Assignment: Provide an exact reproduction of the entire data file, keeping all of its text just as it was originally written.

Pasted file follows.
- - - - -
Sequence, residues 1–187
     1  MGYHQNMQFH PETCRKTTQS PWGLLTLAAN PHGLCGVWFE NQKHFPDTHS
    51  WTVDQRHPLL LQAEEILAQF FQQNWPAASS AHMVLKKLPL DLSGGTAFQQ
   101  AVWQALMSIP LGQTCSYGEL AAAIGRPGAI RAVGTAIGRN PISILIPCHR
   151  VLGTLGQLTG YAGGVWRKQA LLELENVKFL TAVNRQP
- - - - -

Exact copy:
Sequence, residues 1–187
     1  MGYHQNMQFH PETCRKTTQS PWGLLTLAAN PHGLCGVWFE NQKHFPDTHS
    51  WTVDQRHPLL LQAEEILAQF FQQNWPAASS AHMVLKKLPL DLSGGTAFQQ
   101  AVWQALMSIP LGQTCSYGEL AAAIGRPGAI RAVGTAIGRN PISILIPCHR
   151  VLGTLGQLTG YAGGVWRKQA LLELENVKFL TAVNRQP